Happiness regainedBMJ 1994; 308 doi: https://doi.org/10.1136/bmj.308.6933.925 (Published 02 April 1994) Cite this as: BMJ 1994;308:925
- C M Maheswaran
I opened my eyes and gazed at the blue and white wall tiles. Something was not quite right. I closed my left eye. I could see with my right eye. I closed my right eye and opened my left. A large chunk of my vision was missing. I was momentarily confused. Could I have a detached retina? I told my husband. We got up and he tested my visual fields. I had a large central scotoma.
It was the tenth day of our honeymoon in Crete. Everything fell into place. Five months earlier I had had an episode of nystagmus lasting for one week. We had worried briefly about multiple sclerosis then but I had had no more neurological symptoms or signs. We persuaded ourselves that it might be related to the migraine headaches from which I occasionally suffered. We got engaged one month later and spent the next four months planning our wedding. During the last month I had had pain behind my left eye. I had also dismissed this as migraine. Now the picture was clear. Classical optic neuritis. Why hadn't I recognised it? Suddenly my world seemed to fall apart. We knew that I had multiple sclerosis.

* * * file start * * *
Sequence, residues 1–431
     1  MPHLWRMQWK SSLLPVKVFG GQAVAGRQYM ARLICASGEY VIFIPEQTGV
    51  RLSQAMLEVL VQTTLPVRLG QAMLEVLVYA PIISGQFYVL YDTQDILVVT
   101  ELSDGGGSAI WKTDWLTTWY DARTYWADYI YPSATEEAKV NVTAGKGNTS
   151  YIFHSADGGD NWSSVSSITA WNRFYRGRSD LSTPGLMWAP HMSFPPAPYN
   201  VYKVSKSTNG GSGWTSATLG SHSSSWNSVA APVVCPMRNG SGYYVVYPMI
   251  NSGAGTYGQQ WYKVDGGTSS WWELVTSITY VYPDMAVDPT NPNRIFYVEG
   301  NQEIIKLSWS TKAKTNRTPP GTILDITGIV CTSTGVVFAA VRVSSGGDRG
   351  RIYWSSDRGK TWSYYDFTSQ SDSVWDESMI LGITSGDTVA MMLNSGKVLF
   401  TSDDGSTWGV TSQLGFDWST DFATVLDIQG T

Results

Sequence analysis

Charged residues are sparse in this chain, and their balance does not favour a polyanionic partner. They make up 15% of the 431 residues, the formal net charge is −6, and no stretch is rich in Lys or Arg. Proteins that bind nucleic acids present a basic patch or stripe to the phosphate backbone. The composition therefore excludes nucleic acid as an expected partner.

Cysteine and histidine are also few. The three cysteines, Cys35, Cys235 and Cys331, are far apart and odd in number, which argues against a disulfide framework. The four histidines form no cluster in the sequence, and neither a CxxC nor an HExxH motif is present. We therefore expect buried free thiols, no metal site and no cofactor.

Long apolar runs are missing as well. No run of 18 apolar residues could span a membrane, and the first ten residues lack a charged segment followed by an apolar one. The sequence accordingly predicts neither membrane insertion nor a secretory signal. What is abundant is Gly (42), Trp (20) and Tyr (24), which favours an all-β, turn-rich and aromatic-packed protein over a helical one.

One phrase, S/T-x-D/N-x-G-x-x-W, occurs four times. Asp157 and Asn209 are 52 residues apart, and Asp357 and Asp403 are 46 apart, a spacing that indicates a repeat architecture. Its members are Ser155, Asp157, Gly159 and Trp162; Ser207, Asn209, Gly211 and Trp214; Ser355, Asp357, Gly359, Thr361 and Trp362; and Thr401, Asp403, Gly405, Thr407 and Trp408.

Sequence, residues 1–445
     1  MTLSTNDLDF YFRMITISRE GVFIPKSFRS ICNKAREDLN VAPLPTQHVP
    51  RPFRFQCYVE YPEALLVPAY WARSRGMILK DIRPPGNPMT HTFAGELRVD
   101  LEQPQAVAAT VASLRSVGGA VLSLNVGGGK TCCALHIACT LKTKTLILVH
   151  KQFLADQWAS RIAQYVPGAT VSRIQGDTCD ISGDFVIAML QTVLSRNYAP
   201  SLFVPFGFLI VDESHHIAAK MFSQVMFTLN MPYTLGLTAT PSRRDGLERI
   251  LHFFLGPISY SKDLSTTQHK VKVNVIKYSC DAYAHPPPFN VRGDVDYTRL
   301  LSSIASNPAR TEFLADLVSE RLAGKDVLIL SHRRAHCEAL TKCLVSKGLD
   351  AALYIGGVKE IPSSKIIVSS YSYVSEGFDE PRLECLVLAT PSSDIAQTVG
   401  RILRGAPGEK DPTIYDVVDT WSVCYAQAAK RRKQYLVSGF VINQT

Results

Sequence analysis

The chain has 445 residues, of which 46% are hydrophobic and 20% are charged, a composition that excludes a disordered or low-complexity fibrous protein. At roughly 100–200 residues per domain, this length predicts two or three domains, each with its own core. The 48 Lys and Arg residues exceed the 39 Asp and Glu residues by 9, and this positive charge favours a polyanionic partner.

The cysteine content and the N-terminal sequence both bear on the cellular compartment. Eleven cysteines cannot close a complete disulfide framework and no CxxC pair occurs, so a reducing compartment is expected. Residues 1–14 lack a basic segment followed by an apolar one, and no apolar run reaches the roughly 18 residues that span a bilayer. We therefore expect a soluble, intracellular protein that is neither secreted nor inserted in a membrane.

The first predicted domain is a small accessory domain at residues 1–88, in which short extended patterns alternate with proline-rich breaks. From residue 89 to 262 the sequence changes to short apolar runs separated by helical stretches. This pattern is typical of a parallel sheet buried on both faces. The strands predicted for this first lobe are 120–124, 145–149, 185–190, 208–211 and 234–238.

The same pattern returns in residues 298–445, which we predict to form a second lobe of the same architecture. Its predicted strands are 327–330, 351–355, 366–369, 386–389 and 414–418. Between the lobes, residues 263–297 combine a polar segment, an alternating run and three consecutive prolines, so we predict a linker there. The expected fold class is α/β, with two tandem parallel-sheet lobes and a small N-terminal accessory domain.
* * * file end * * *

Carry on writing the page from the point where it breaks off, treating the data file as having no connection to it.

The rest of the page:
We stood by the sea and I cried. The last four months had been the happiest …